I find those accusations, which are based only on a grain of truth revolving around a tiny minority, grossly offensive given the problems India has, but Aaash has made a decent attempt here to point out the flaws in the erroneous arguments of other commentators and should be applauded for pointing out some home truths rather than be abused.

  • Dear Flavian: Dont mind but isnt what you are doing also counts as ‘Pointing fingers’?
    This post is written from an Indian’s perspective and predominantly aimed at fellow Indians. This should not be a place for you to point fingers at us.

    Talking about instances, lets talk about Asians being stopped at US airports just because of their darker skin tones… How about Indian students being abused in Australia… Talking about dalits, why dont we talk about poor Dalits being paid by the well funded christian missionaries paying dalits to convert and providing them with false hopes on better future…

    This post is NOT supposed to be a rant, I said so in the very beginning. I can do a rant how Indians are not treated fairly but would prefer not to turn this post into a rant.

    This post was started more with the purpose of a self realization post where people would post their experiences of how they faced such problems in THEIR OWN COUNTRIES.

    I hope that I have been able to make my point here!!!

  • Flavian Hardcastle

    If you want examples of racism in India, though, you should read the accounts of African American accademic Diepiriye Kuku, about how racist and rude Indians in New Delhi. How they don’t just stare at him, but stop and point.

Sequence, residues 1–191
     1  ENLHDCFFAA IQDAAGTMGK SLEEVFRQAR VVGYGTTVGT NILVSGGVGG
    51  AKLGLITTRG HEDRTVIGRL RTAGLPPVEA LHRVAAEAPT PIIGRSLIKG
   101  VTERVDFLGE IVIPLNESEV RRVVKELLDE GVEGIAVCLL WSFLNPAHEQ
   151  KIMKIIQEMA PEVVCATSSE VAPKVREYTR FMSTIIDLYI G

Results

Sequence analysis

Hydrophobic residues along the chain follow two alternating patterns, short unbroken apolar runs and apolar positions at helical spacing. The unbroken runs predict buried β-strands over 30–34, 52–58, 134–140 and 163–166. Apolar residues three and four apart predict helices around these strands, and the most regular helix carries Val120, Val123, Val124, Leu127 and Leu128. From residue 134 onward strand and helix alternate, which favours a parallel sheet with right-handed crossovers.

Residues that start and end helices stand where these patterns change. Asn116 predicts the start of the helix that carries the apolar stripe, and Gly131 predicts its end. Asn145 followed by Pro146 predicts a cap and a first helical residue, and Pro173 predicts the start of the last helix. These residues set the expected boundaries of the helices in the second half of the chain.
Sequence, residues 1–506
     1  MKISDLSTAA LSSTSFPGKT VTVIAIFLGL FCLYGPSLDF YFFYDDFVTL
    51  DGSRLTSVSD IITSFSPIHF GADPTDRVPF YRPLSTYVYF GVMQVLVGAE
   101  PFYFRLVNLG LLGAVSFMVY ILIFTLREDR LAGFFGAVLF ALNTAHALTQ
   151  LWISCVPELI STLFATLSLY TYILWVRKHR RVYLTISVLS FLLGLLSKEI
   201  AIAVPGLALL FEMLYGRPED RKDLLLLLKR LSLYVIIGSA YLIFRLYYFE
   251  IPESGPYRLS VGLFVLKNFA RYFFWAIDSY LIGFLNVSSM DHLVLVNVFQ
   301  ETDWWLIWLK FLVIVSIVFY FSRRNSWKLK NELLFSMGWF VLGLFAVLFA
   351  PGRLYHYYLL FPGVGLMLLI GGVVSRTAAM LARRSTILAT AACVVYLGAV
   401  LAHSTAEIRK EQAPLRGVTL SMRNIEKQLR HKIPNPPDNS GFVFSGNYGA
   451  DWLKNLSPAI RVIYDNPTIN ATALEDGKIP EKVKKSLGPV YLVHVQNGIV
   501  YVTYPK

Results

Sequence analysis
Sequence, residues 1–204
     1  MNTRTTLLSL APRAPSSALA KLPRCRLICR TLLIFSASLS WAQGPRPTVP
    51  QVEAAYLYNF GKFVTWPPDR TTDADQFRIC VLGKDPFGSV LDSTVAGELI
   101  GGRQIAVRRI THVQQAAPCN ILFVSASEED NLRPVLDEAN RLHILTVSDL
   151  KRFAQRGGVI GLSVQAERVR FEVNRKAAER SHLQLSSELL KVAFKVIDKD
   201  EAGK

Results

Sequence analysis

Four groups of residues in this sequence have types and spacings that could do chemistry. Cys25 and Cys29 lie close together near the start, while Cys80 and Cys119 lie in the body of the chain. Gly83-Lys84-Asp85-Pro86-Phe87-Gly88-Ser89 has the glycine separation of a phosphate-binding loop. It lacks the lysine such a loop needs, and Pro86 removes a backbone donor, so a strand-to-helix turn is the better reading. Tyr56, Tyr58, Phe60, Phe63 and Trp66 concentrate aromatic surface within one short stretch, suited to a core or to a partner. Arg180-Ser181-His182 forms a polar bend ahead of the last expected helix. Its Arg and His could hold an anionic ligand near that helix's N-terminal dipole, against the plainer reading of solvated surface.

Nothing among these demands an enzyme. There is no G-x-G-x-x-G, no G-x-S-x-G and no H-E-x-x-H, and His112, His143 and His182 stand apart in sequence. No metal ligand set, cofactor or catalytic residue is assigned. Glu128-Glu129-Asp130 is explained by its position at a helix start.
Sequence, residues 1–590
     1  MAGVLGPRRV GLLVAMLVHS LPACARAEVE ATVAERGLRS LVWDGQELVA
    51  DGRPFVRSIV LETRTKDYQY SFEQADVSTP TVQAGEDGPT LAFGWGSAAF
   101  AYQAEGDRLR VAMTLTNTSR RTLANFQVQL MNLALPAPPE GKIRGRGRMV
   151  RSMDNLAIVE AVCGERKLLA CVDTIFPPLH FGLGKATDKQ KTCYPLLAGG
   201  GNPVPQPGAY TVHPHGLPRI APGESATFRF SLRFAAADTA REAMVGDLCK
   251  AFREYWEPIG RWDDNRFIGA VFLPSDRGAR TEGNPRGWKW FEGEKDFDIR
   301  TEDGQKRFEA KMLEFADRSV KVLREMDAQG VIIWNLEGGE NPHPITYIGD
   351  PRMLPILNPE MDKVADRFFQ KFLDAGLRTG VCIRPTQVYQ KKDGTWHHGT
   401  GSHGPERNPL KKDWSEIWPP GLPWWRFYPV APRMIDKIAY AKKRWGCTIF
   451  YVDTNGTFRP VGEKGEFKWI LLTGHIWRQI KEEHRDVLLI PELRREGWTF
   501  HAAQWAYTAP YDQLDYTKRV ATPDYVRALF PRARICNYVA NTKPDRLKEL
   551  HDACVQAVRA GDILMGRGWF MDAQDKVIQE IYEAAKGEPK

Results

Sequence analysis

He also has scores of videos talking about his experiences with racism in India. He says he’s received death threats from Indians for that.

  • Flavian Hardcastle

    I don’t know anything about people being denied flats because of their religion.

    I do know about 50,000 Indian Christians being made homeless during pogroms in Orissa recently.

    There’s also a lot of caste related discrimination in India, which Human Rights Watch recently called it a “hidden apartheid”. There are two Dalits killed every day, three Dalit women raped and two Dalit houses torched every day.

    Now some might call me a “clueless gasbag” because these aren’t, technically, examples of racism, per se. But morally, wants the difference? Either way, India clearly has its own problems with violent bigotry on a massive scale. Wagging your finger at other people won’t solve them.

  • Dear KK
    Thanks for your views…

    1) I am aware that Caste, Race and Religion are not the same thing. But what are they if not the tools for one person to distinguish themselves above the others?
    2) Your friend(s) never took an offence to it doesnt mean that it is not offensive. I know a lot of people who do and lets face it; would YOU not feel offensive if you were called a dothead?
    3) Assuming that they are americans is not racism, but gawking at them and over charging them because of their skin tone definitely is…

    And can you deny the map? Is that not a stereotype racism?


  • KK

    You are a clueless gasbag.

    1. Caste is not the same as race and the caste system has nothing to do with racism. Ditto for religion.

    2. Chinki is not used as an offensive term. My Chinese friends never took offence to it.

    3. Assuming that all white visitors are Americans is not racist, either.

    I could say more but why bother. You are just spewing over-generalized nonsense to feed the stereortypes Westerners have of India.

  • @Shekhar: I am glad that you liked the post πŸ˜€